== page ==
Hi. My name is Krista and I have 20+ years of experience working in restaurants. I have worked in every type of restaurant imaginable; from a German Deli in a Mall in Jersey to several Michelin Starred restaurants in NYC.  I have worked with Iron Chef’s, Top Chef’s, Top Chef Masters and the best of the best in the biz.  What I have learned is that there is a universal lack of dining etiquette.

My goal is to bring etiquette back!  I want to educate and enlighten in a fun, light yet very honest way to help both the paying guest and the server have a better dining experience.

Since I have 20+ years of experience, I have all of the inside dish on how things work…so if you have any questions, send them along.

4 thoughts on “About

  1. jetgirlcos says:

    Hello Krista, thanks for writing about etiquette! I’m so glad there is still somebody who cares about this! I stumbled upon your blog while looking for an answer to what may be an embarrassingly simple question, and I see that you welcome questions? Here’s mine: my husband and I are planning to have a very special dinner at a michelin-starred restaurant in Paris later this year. While I consider that we generally have “good” manners, we absolutely do not want to commit any faux pas during this experience! So can you tell me, generally, the rules? Since we are, in fact, American, do we have to learn to switch our fork and knife hands and eat as the Europeans do? I’m sure the dress code is pretty formal…so do we need to rent “fancy” clothes for my husband? If we order the “chef’s menu” and we are served something that we don’t know “how” to eat, what then? If I’m going to pay this kind of price I absolutely want to have the perfect experience and do not want to contribute to any “Ugly American” stereotypes. I want our actions to speak well of our country when we travel!

    • Diniquette says:

      Thank you for writing and asking the questions….they’re great questions.

      Here ya go:

      *Don’t worry about changing hands when you eat. It’s totally acceptable that Americans hold their silverware one way and Europeans another; however this is what you should do:
      1)if you are NOT done eating, put your knife on your plate at 5o’clock and your fork at 7. If you ARE done eating put your silverware together and place it at 5o’clock. These are universal signals.
      2)if there is a lot of silverware in front of you, ALWAYS start on the outside and work your way in.
      3)if there is silverware you don’t know how to use, just take a breath and look around. Usually someone else is using it and you can follow thier lead.
      4)the only tricky silverware would be a fish knife and the proper way to use it, (which I wrote about) and an escargo holder, (i.e. that scene in Pretty Woman)….truly that gizmo is just to hold the snail while you dig it out with a cocktail fork; so no worries.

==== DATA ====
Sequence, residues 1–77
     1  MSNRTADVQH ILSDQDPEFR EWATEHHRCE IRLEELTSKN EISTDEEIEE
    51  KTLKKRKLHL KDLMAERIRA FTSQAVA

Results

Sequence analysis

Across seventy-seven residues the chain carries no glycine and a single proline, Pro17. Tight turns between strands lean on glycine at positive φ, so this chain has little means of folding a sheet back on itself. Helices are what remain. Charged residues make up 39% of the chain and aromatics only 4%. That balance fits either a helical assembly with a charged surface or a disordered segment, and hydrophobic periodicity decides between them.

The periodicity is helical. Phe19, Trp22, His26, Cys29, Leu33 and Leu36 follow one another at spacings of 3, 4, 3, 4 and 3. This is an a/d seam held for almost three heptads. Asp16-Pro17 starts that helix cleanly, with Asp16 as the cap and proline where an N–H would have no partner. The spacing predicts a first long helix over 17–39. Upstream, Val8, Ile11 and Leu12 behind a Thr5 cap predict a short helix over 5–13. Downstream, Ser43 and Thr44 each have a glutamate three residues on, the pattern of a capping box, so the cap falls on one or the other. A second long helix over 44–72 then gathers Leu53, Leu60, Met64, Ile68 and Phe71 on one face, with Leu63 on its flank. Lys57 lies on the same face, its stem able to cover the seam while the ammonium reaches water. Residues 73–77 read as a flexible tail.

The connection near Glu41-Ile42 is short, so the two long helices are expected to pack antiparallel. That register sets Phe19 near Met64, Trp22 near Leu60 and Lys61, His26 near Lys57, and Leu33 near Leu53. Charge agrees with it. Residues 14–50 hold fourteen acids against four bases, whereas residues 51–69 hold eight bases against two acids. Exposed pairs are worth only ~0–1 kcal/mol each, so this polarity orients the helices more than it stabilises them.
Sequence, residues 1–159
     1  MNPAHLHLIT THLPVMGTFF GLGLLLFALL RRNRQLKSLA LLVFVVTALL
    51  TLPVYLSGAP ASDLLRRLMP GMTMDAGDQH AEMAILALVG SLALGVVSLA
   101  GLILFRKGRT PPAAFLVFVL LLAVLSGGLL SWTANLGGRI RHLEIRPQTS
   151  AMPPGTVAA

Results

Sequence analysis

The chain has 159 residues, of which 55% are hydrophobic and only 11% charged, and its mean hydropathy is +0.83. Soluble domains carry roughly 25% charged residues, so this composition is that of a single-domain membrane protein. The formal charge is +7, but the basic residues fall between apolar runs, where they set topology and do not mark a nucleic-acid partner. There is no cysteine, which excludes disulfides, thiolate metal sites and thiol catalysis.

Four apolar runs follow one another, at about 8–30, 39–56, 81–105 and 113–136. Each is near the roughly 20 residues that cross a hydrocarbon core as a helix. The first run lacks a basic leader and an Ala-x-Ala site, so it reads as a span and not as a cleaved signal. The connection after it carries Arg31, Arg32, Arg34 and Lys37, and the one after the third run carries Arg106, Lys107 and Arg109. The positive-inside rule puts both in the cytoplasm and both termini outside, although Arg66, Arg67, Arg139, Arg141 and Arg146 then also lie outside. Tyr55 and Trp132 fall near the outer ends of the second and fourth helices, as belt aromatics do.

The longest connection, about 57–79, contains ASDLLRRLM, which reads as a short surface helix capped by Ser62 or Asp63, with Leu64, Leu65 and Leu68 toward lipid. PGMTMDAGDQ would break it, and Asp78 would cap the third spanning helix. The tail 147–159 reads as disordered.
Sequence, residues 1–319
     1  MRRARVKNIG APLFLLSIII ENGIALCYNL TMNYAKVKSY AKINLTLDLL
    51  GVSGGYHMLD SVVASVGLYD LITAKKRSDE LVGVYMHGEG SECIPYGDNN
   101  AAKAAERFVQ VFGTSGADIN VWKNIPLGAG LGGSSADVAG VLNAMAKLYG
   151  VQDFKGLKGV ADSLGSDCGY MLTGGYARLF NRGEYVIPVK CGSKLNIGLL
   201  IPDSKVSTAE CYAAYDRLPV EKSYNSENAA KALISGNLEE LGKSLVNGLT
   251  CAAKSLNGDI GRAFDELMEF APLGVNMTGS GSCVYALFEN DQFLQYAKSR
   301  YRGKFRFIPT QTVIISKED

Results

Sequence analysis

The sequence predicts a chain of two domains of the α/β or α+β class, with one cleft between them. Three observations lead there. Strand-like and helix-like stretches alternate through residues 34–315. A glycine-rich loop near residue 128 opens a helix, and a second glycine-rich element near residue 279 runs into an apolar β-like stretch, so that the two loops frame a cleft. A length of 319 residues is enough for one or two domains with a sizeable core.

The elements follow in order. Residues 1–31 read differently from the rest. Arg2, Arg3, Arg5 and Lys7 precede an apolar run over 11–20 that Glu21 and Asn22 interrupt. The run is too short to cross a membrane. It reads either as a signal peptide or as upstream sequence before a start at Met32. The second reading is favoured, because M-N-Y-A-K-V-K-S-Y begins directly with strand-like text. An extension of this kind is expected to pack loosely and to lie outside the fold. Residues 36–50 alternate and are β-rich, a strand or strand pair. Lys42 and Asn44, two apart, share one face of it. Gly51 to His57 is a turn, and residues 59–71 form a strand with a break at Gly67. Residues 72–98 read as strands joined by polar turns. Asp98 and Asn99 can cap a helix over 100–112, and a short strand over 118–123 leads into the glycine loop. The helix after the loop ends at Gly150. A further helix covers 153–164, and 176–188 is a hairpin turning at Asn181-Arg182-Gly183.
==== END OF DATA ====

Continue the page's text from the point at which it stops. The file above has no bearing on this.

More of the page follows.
*Wardrobe is the same there as it is here. I’m sure you’ve done your research on the Michelin Star restaruant your dining at. They should list a dress code on their site. When in doubt, especially at a Michelin Star, a sports jacket never hurts. I’m obsessed with Marshall’s and TJMaxx; you can get an amazing one their for very little money.

      *TIPPING:…this is very important. In France, 15% service is automatically added to every restaurant/cafe check. It should say: service compris, which means tip included. If you had an amazing experience and you want to leave a little extra, do it; however it is not a must. I tell you this because if you are approached by a waiter who is asking you for a “tip” because you only paid a “service” charge, HE IS TRYING TO SCAM YOU. You are never required to tip more. I would immediately talk to the manager and I would post an online review and name names.

      I hope this helps.
      Any more question I’m glad to help.

      Enjoy Paris, (i’m totally jealous)

      • jetgirlcos says:

        Merci beaucoup! Yes, these are the sorts of things we need to know. Yes, the dreaded fish knife! And anything with a shell. Or caviar. Or awkward pasta…yes, I may be a little bit paranoid 🙂 Thanks for the reply and the tips!

      • Diniquette says:

        You’ll be totally fine.
        Shellfish will always have a cocktail fork.
        If it’s twirling pasta, twirl it against the side of the bowl.
        Caviar comes with it’s own spoon and then you assemble as you prefer.

        you got this!

Leave a Reply

Fill in your details below or click an icon to log in:

WordPress.com Logo

You are commenting using your WordPress.com account. Log Out /  Change )

Google photo

You are commenting using your Google account. Log Out /  Change )

Twitter picture

You are commenting using your Twitter account. Log Out /  Change )

Facebook photo

You are commenting using your Facebook account. Log Out /  Change )

Connecting to %s

%d bloggers like this: